Posted: Tuesday, 8 January 2019 @ 10:45
We were always taught that you should choose your words carefully, never using more complicated terms than necessary to make your point. To do anything else was considered rude.
Today however, it seems that the use of unnecessary jargon and buzzwords goes beyond being rude, and oscillates between being inaccurate on one the one hand and designed to exclude on the other. So this January, perhaps it’s time for us all to say what we mean?
We’re not the only ones to note and question this trend. Leasing World reported this month, saying that recent research by Wyelands Bank reveals financial service providers use too much jargon for relatively simple terms. It found there are nearly 30 different terms for just three financial products. Iain Hunter, CEO of Wyelands Bank, said, "jargon does not differentiate through innovation, but through confusion. It makes it harder for customers to understand what they are looking for or to make the right decisions about what solution to choose.”
From the sublime to the ridiculous
Marketing seems to be the main culprit in the proliferation of jargon and buzzwords, but it has rapidly made its way into business parlance as well. It’s a fashion that goes far beyond financial services however, and at times verges on absurdly humorous. One gets the feeling that Samuel Beckett could have fashioned a very successful round two of Waiting for Godot out of it all.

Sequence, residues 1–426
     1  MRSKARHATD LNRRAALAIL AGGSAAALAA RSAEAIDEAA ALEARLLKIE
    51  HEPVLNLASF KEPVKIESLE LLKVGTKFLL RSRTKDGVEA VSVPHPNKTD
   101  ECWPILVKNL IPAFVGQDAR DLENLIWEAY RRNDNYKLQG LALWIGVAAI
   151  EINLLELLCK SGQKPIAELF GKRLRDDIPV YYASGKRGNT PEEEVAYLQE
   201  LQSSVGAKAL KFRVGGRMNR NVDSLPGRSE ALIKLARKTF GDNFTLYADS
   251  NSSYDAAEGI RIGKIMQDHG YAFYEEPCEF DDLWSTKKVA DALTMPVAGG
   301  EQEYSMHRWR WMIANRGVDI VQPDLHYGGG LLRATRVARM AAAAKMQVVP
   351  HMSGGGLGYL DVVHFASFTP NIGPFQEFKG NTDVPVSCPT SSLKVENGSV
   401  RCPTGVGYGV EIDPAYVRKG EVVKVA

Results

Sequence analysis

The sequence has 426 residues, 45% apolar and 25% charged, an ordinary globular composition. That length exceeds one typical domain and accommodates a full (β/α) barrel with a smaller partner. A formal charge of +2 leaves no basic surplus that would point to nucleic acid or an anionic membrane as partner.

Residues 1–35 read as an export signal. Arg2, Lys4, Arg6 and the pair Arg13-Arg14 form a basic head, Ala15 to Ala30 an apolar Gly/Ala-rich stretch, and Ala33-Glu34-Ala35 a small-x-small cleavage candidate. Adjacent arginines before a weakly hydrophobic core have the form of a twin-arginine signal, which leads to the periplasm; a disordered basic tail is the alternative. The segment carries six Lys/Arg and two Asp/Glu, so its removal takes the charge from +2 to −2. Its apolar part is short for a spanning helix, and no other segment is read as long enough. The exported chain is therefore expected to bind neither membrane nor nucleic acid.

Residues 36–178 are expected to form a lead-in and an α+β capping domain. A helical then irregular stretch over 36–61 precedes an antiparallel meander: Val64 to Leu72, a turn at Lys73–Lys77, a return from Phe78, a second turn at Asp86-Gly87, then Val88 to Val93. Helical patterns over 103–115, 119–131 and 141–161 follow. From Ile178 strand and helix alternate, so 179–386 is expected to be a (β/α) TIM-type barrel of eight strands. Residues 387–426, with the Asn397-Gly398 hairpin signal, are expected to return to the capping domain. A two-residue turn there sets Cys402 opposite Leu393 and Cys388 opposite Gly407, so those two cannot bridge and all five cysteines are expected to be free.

For example, in 2019 hotels are not merely small but ‘boutique’ or ‘bijoux’, even when they are, in actual fact, just small. Everything down to your last paperclip is ‘sustainable’; brands take us on ‘journeys’ all over the world; we don’t choose anymore - we ‘curate’; knowing that reinventing the wheel is pointless we ‘re-imagine’ it instead; we only eat ‘artisan’ fare; ‘mindfulness’ is the cure for all ills; and we invest in ‘real estate’ with ‘realtors’ instead of property with estate agents.
Meanwhile at work we have all been encouraged to engage in a toe curling amount of ‘blue sky thinking’, new recruits the world over are mystified by the ‘onboarding’ processes, and ‘paradigm shifts’ have been giving middle management whiplash.
While it’s all well and good having the odd word or phrase racketing around as shorthand for a particular concept, for the most part jargon doesn’t seem designed to make life easier. It generally seems to be about making something sound bigger, better or more complicated than it actually is. As if being complicated is by nature a good thing.
In the context of marketing, jargon is designed to make something sound more exclusive than it is. In business however, it’s often a rather undermining tool which, intentionally or otherwise, seeks to create divisions between those who are in the know and those who are not. It’s a sort of businessman/woman’s version of the movie Mean Girls.
The peculiar thing about it, is that while everyone’s running around trying to make sure they understand the jargon and laughing heartily (and thankfully) when they’re in with the in crowd, it all seems to get in the way of actually doing a good job.
As you will know, at Rivers Leasing we are not really ones for having glitter thrown in our eyes. We like to keep things simple. That means saying it as we see it when it comes to decisions about a loan, keeping communication lines short so you don’t have to play a telephone version of Crystal Maze to speak to a decision maker, and dispensing with unnecessary jargon. After all, we think it’s good practice, and frankly, it’s polite.